Sometimes it feels like junior engineers and product folk don’t quite get what technical debt is. Actually, they understand what the term literally means but not the impact. Here is a little fun analogy to help.
Imagine you live with your spouse in a nice tidy apartment. You receive a call about a job interview for a position that is double your current pay but you have to interview right away. So you turn your closet inside out looking for your best interview outfit. Shoes, clothes, etc.. strewn around your apartment. You’re dressed to your best but your apartment is now a mess. Since you are in a rush, you leave everything and head to the interview. While you are at the interview, your spouse comes home and trips on a pair of shoes you left out spraining his or her ankle.
The best case scenario is you get the job, but now you have to take care of your spouse and clean up the apartment. It’s more likely that you didn’t get the job, your spouse is livid, you and your spouse need to clean up the apartment, and you now have to take care of your spouse.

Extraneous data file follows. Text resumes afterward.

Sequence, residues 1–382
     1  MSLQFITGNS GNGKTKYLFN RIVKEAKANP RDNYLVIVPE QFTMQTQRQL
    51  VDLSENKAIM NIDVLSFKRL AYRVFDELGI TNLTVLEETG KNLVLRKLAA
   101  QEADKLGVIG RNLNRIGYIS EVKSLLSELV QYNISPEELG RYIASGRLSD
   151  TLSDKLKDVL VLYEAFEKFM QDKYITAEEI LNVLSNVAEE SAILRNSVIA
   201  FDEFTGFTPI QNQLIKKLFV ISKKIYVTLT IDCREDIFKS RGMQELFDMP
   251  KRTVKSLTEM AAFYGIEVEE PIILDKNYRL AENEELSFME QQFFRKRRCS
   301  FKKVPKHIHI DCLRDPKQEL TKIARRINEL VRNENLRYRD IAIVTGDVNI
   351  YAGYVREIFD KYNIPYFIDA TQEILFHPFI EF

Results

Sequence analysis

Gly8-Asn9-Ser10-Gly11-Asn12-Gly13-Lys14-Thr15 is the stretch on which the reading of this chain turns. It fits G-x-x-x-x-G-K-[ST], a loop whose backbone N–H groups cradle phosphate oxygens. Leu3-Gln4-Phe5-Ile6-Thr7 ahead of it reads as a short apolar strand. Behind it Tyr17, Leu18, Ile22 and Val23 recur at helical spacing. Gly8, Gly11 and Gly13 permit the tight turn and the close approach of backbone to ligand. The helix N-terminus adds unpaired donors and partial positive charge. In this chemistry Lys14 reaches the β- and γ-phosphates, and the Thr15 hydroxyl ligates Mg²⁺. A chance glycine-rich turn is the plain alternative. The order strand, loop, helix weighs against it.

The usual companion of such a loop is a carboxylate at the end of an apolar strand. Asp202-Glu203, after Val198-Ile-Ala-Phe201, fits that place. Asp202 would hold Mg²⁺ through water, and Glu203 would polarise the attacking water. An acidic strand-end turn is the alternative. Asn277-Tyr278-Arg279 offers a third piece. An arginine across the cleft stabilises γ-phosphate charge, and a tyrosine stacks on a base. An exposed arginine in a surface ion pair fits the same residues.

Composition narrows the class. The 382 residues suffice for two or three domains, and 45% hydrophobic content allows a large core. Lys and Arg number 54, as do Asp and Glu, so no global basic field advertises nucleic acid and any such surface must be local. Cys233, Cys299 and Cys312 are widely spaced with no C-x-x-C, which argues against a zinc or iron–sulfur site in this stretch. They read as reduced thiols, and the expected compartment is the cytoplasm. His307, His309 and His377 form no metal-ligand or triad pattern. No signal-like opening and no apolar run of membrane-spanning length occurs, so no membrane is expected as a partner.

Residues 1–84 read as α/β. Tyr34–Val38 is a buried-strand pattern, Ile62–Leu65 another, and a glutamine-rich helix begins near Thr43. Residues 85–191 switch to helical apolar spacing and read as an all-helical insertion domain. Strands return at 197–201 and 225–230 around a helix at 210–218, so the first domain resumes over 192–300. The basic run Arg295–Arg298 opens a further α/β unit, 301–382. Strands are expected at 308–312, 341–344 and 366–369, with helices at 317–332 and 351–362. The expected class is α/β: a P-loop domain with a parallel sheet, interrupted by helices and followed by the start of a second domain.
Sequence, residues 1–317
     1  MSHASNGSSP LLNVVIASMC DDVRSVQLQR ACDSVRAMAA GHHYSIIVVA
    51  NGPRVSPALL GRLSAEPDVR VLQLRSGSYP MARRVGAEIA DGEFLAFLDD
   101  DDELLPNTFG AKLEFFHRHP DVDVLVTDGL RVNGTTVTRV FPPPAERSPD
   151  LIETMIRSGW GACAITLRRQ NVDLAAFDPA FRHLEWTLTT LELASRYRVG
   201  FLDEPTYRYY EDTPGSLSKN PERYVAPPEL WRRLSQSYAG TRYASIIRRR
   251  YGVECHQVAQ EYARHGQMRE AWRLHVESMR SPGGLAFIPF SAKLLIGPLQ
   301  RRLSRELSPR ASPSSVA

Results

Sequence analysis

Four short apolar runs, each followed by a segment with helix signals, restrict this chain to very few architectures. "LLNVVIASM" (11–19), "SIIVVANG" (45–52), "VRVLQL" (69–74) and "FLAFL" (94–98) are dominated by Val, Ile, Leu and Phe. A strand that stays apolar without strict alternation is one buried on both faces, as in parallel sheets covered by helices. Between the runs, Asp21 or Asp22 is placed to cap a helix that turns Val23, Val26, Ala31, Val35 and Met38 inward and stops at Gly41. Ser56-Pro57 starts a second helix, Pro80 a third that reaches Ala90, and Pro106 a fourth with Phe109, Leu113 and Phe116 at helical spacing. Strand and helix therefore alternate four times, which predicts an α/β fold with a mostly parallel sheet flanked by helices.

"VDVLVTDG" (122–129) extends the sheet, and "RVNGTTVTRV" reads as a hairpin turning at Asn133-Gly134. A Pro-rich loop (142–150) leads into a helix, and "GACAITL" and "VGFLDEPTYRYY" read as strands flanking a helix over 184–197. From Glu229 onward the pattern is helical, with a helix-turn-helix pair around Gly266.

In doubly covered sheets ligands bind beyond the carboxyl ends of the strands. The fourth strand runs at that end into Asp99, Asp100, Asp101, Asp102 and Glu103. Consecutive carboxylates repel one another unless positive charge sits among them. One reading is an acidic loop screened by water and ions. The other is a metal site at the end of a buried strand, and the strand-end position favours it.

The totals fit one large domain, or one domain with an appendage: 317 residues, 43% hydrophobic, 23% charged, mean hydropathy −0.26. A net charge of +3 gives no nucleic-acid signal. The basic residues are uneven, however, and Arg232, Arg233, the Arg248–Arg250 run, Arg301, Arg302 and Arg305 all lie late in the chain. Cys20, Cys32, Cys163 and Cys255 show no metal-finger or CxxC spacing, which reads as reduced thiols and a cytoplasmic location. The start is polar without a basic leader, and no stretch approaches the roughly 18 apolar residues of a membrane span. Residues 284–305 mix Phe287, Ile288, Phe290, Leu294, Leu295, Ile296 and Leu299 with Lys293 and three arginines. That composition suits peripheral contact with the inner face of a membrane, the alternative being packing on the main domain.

Technical debt is the mess you leave to hopefully make some extra money off of a product feature. The mess you make is in code and not in your apartment. It can lead to bugs and outages. Messy code and systems can be hard to maintain and build off of. Each subsequent product feature becomes harder to build. Engineers get angry dealing with a mess so they leave. The next set of engineers cannot navigate the mess so they are constantly angry.
The thing is, if you had texted your spouse to leave a warning about the mess and cleaned up right when you got home from the interview, everything would have been okay. It’s the same with technical debt, sometimes you need to make a mess but if you actually plan for it and clean it up, you will be okay.
Try to avoid technical debt. But we all live in the real world so if it is necessary, pay it down quickly.
I got some interesting email feedback from this blog article. The article was generally geared towards somewhat mature startups / tech companies. Fledgling startups in the early phase need to sprint to the point where they have customers and technical debt is a necessary evil. The prettiest code ever is useless if there is no one using the product. As time goes on and customers come in, you need to start paying down debt. It’s kind of similar to processes – at first you will be horrible with process but as your teams grow and the company becomes real you will need to keep improving until everything is seamless. Just as a warning, some bad technical implementations can actually get exponentially worse if left alone for too long.